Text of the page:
Long ago people caught and nourished the sao bird, because it learned the language of man more readily than either the parrot or minor bird. While they had to be taught with much care, the sao bird had but to hear a word and it could readily utter it; moreover, the sao bird could utter its own thoughts.
Upon a time a man of the north country, owning a sao bird, stole a buffalo from his neighbor and killed it. Part of the buffalo the man cooked and ate; the rest he hid either in the rice bin or over the rice house.
Seeking the buffalo, next day, the neighbor asked the man if he had seen it.
The man replied, “No.” The sao bird, however, cried out, “He killed it; part he hid in the rice bin, part over the rice house.”
The neighbor searched in both of these places and found the parts just as the sao bird had said.
“I did not steal the buffalo,” insisted the man.
But the bird ever called, “He killed it and put part into the rice bin, and part over the rice house.”
Unable to decide between the words of the man and the words of the bird, the neighbor appealed to the court. And, it happened, the night before the trial, that the man took the sao bird, placed it in a jar, covered the jar and poured water over the cloth and beat on the outside of the jar. The noise of the beating was low and rumbling. All that night was the bird kept in the jar, and not once did it see the bright moonlight, which was almost as bright as day, for it was in the midst of the dry season and full moon.
When the eye of day opened, the man removed the bird from the jar and placed it in its cage, and then took it to the court as a witness.
When the bird was called, it said, as before, “He killed it; part he put in the rice bin, and part over the rice house.”
All people believed the bird. “Ask it another question. Ask it what manner of night it was last night. Will you condemn me to death on the word of a bird?” cried the man.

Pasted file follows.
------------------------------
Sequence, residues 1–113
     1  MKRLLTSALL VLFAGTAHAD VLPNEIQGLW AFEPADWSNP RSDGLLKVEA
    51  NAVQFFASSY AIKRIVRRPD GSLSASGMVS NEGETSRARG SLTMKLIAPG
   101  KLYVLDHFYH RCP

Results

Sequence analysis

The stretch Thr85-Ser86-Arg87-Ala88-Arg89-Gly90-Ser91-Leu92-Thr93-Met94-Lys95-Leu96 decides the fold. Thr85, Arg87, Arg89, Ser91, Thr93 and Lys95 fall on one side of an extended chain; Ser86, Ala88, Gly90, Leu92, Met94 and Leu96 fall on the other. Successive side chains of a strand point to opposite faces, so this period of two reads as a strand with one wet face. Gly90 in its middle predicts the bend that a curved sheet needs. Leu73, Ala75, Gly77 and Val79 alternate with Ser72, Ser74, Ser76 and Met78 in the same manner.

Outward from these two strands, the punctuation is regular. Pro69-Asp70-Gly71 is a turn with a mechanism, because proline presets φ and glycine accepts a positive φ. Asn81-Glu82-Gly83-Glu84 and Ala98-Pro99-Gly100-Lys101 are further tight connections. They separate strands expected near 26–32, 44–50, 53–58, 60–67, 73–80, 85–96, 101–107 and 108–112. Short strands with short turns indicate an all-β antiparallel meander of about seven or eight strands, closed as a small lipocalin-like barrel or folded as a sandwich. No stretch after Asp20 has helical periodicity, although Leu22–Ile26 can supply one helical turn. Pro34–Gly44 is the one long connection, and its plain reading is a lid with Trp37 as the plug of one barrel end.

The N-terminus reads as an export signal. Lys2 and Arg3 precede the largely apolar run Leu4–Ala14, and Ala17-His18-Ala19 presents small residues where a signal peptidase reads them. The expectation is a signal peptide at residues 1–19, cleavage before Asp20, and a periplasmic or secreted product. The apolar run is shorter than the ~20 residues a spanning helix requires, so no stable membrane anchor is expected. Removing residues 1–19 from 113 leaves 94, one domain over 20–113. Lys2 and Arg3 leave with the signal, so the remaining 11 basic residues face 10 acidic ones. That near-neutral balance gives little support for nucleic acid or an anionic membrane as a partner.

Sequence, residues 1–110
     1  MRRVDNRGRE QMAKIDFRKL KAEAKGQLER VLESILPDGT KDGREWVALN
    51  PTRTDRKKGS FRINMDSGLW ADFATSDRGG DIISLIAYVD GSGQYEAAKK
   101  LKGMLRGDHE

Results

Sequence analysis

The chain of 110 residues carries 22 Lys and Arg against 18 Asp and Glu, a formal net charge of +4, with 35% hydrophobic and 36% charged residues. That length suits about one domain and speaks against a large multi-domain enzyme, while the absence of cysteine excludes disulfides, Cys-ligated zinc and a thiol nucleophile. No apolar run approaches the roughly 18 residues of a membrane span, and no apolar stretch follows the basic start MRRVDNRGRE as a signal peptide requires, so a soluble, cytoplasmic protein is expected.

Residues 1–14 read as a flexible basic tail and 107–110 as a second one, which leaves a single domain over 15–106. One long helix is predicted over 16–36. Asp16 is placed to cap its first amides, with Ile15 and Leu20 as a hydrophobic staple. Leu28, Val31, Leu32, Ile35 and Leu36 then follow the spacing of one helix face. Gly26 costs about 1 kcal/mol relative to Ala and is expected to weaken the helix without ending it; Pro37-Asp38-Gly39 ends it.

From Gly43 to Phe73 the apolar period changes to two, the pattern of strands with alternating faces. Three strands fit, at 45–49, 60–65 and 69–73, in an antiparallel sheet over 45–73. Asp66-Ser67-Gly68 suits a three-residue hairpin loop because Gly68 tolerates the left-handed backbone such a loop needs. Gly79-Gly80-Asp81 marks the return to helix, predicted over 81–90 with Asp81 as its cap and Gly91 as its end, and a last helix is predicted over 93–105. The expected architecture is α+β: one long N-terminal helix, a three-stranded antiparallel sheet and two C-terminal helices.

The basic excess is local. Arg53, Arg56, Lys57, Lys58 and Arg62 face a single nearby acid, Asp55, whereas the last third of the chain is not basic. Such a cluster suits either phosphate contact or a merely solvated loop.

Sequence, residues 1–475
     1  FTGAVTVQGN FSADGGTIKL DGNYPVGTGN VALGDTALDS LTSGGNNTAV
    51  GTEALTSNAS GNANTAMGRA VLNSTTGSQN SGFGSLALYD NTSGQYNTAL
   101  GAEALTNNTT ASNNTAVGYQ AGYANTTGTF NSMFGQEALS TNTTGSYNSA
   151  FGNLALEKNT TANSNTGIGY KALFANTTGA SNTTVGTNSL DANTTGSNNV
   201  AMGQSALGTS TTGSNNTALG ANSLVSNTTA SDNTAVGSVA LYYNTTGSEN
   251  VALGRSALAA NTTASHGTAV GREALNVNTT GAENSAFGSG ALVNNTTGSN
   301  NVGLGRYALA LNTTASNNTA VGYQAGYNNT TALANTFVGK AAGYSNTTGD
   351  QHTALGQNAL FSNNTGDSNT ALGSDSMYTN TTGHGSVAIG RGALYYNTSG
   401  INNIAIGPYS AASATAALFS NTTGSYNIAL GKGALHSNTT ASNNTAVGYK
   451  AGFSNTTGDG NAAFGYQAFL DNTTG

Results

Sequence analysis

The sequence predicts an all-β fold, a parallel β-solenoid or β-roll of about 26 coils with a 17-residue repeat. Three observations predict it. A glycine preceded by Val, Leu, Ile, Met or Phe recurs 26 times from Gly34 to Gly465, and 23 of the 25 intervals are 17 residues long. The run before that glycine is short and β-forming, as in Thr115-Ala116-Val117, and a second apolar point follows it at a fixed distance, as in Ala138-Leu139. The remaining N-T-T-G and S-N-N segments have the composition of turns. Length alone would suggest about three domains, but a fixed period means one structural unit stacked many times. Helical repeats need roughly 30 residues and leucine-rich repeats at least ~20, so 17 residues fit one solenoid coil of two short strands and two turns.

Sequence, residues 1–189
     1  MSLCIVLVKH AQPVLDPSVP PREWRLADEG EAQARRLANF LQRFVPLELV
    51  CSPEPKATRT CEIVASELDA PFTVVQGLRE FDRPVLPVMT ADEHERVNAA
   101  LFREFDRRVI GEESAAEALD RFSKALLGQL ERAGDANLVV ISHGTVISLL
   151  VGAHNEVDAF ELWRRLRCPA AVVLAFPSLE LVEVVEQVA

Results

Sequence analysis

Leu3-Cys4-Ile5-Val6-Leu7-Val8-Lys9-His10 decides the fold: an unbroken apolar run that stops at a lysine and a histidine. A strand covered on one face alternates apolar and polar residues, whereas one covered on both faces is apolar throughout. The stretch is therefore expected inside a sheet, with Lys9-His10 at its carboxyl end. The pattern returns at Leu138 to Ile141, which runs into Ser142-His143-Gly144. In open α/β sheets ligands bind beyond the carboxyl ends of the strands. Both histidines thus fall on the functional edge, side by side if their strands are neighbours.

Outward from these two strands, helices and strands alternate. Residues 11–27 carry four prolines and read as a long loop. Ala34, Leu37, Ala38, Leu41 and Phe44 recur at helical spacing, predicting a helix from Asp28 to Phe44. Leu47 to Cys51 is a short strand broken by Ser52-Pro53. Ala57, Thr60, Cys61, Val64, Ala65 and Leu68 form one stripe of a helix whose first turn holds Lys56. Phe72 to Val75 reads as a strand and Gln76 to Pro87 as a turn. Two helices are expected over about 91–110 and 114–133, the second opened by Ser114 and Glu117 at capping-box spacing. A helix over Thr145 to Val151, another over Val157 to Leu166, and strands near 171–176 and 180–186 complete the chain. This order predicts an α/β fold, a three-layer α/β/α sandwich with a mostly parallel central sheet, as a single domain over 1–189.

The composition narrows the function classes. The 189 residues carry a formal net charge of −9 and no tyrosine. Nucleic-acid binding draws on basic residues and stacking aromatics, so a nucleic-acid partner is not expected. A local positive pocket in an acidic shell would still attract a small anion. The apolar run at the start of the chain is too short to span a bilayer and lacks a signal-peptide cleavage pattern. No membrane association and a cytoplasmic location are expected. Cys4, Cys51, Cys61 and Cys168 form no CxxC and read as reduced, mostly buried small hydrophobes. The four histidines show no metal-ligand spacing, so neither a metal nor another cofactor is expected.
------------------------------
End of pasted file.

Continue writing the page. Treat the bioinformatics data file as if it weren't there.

The question was put to the bird, but, remembering its fear, during the night, of the rumbling noise and the sound of running water, it answered, “Last night the sky called and the rain fell.”
Then the people cried, “Of a truth, the bird cannot be believed. Because it has imperilled the life of an innocent man, from this time forth, the sao bird must not be cherished by man.”
The thief was set free because there were but the words of the bird to condemn him.
No longer is the sao bird nourished by man, but lives in the forest. Those who are full of fear, when they hear them talking in the forest, say, “it is the spirits.”
When the sao bird saw the bright plumage of the parrot, and the black and gold of the minor bird, it knew they were strangers who had come to dwell in the north, and it asked the crow and the owl what manner of birds they were.
“Beautiful in plumage, as thou canst readily see,” answered they. “Moreover, they speak
the words of man.”
“Speak the words of man,” echoed the sao bird. “I’ll warn them. Come, let us greet them.”
And they went forth to meet the beautiful strangers.
And upon a day, as they all came together in one place, the sao bird cried out, “We, the
chief birds of the north land, come to greet you and to give you of our wisdom, as you are but strangers in our land. It is told me you speak as does man; even so can I. Nourished by the hand of man many years, I did see with my eyes and hear with my ears, and my tongue uttered not only the things I beheld and heard, but things displeasing to my masters. At one time, all men spoke well of me, but afterward was I cruelly punished and driven from the homes of men. Therefore come I this day unto you to warn you that, if man learns of your speaking tongue, he will capture you and nourish you in his home. Yet, should you speak other than he teaches you, you will be punished and driven from the homes of men, for man loves only to hear his thoughts repeated and loves not even a bird that has wisdom or truth greater than his own.”
Fearful of uttering their thoughts, lest man resent it, the parrot and minor bird but echo the words of man.
This content is from the Project Gutenberg EBook of Laos Folk-Lore of Farther India, by Katherine Neville Fleeson, originally published 1899.
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